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Navigation Elements

In the standard WCMS U of S templates there are several navigation elements. These are:

What appears in your navigation elements is based on your information architecture. Site diagrams are useful when planning your website as they graphically represent your web content. The site diagram can be used to understand how files are organized into sections (folders), similar to how a table of contents organizes a book into chapters. It serves as a representation of how your content is organized, and it serves as the guide for your navigation (menu) scheme. Section Names and page names become part of the web address (URL) for your website.

A hierarchical structure is necessary for organizing a website. Beginning with a general overview (the home page), visitors expect that they can drill down to specific sub-sections, and content pages. However, they also expect to be able to start at any page in your website and understand immediately how the site is organized. By grouping your information into a few general sections, like chapters in a book, and that become increasingly focused as you move deeper in the site, will help you develop a logical progression of content. While it may seem logical to group buckets of information that correspond to your organizational structure (think org chart) this can be frustrating and cause confusion for your site visitors.

Primary (Global) Navigation – Top Menu Bar

The top menu bar/global navigation displays the main sections of the site. The global navigation is positioned in a black, horizontal bar across the top of the site (just below the site name). Global navigation is accessible from all pages of the site. Given space constraints the global navigation can accommodate around six top-level sections depending on the lengths of the section names. If a site has more than six top-level sections then a reorganization of the site's structure may be required.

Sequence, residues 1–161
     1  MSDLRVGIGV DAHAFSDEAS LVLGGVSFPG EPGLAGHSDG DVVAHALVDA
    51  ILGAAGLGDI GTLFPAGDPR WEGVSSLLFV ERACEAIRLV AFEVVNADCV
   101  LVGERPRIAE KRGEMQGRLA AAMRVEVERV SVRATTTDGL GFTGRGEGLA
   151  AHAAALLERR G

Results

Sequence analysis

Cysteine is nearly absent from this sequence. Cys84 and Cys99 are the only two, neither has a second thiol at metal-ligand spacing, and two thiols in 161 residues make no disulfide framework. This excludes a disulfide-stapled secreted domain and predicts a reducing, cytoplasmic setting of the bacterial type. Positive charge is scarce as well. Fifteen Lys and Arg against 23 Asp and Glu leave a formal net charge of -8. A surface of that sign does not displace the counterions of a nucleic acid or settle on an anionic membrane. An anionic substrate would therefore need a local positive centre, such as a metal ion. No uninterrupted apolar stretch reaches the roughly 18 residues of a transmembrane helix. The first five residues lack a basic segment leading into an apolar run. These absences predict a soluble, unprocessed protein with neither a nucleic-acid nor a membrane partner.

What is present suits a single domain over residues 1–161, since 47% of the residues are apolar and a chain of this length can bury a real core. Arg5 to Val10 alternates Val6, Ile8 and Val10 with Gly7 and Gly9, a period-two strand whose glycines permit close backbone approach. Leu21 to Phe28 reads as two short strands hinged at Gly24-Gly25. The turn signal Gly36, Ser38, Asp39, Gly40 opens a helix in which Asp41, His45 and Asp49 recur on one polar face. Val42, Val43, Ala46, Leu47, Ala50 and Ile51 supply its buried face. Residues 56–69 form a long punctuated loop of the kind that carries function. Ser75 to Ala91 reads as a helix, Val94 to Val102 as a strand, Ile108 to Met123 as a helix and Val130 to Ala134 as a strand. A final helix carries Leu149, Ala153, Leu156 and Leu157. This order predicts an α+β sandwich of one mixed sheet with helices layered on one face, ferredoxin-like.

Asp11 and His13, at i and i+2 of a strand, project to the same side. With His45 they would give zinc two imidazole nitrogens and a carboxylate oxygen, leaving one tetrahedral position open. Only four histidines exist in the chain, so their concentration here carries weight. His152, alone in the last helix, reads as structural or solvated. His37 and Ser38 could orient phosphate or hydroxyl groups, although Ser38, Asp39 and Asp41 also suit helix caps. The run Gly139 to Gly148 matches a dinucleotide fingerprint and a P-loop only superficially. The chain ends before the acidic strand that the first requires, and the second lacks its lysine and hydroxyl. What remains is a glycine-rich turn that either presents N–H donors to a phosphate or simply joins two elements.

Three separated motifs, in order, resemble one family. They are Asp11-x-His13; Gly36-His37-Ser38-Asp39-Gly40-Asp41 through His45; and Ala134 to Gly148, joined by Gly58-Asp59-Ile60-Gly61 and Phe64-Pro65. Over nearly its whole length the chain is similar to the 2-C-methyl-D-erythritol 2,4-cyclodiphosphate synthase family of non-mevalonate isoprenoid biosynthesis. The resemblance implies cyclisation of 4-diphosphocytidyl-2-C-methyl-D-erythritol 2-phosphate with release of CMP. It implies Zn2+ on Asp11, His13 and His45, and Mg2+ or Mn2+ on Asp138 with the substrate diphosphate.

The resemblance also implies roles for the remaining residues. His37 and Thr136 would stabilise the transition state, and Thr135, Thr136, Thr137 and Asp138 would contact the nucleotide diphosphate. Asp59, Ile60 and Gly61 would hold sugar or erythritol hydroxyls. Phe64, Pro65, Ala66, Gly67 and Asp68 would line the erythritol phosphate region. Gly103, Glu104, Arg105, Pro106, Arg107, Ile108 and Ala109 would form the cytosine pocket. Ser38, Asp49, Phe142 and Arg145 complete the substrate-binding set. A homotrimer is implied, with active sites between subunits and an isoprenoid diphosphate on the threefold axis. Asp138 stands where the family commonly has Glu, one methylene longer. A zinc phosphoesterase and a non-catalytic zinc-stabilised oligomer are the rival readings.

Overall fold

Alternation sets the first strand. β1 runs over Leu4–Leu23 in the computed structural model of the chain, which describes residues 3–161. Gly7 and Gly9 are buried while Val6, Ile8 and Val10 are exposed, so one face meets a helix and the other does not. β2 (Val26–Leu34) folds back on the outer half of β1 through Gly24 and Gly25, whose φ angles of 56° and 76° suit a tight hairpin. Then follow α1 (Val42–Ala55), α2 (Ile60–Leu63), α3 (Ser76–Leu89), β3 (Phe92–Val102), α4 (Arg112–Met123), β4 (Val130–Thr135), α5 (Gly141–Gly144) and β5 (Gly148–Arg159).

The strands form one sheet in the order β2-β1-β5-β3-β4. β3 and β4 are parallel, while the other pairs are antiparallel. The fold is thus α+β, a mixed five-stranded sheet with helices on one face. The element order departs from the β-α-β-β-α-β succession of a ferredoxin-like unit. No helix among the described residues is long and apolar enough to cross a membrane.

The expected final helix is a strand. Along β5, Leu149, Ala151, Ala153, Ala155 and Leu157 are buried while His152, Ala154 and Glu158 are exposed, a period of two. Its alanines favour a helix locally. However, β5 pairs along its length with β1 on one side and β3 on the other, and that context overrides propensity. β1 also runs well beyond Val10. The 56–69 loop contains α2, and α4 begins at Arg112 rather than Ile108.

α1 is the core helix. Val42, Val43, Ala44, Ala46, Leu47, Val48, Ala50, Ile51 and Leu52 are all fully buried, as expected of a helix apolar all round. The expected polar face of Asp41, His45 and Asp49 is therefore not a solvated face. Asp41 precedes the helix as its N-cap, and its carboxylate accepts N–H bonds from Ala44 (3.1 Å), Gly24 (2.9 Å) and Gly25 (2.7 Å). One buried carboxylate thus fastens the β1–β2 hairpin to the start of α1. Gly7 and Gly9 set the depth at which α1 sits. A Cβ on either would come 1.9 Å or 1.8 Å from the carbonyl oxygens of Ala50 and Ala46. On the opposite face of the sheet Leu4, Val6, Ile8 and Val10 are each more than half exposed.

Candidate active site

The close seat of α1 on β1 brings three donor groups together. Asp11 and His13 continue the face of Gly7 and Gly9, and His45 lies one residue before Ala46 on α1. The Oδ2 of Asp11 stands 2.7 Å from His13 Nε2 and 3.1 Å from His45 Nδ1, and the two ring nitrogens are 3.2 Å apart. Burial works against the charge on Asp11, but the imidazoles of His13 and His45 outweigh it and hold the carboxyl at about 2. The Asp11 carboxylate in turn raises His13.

Primary (Global) Sub-navigation – Top Level Section Folders/Pull-Down Menu Items

Sections are used to help organize webpages that have related content so that it is easier to find information on a particular topic. Sections should be used when setting up your site’s main areas that appear in the top menu bar as this will ensure you can add more pages and sections to the top menu sections in the future. You can also use sections within sections to organize related information about a sub topic. Sections are represented by folders and each section requires a webpage named “index” that tells the web browsers where to start.

Secondary Navigation – Context Navigation in Right-Side Menu

The right-side menu/context-navigation menu changes as you travel through a site and only shows the information related to the topic you selected (instead of static nested menus that expand as you navigate). The context navigation is located in the right-hand column of the U of S templates. This type of navigation is particularly useful for multi-level, more complex sites as it helps web visitors move forward in completing their tasks by focusing the navigation on related information.

Tertiary Navigation Located in the Header

The header of the site appears above the site name. It includes the University of Saskatchewan logo, a link to PAWS and a search box by default. You can also choose to add up to three links to other webpages within your site or elsewhere at the U of S, such as a link to the U of S map for your location, your contacts page or related sites. These links are typically used for less important tasks visitors to your site might have, as more important tasks would be included in your top menu bar.

Breadcrumb Navigation – Located below the Top Menu Bar

Breadcrumb navigation complements context navigation as it displays the drill-down path for the sections of your site as you travel to deeper sections in the site. Breadcrumbs let you travel back to higher levels of the site with ease from a page in sub sections of a site by creating links to upper-level pages; the current page will appear as a breadcrumb but won’t be a link. Breadcrumb navigation appears just below the black horizontal bar where the global navigation is located.

Footer Links Navigation – Located in the Footer

The footer appears at the bottom of the page. It includes the university logo, a link to the U of S website disclaimer, and the U of S website privacy statement. You can choose to add up to five links to other webpages within your site, such as your contacts page or site map, or elsewhere at the U of S, You can also choose to add up to seven links to social media sites. The webpage links appear between the university logo and the Disclaimer and Privacy links. The social media will appear as icons in the bottom right corner of the footer.

Naviation Elements

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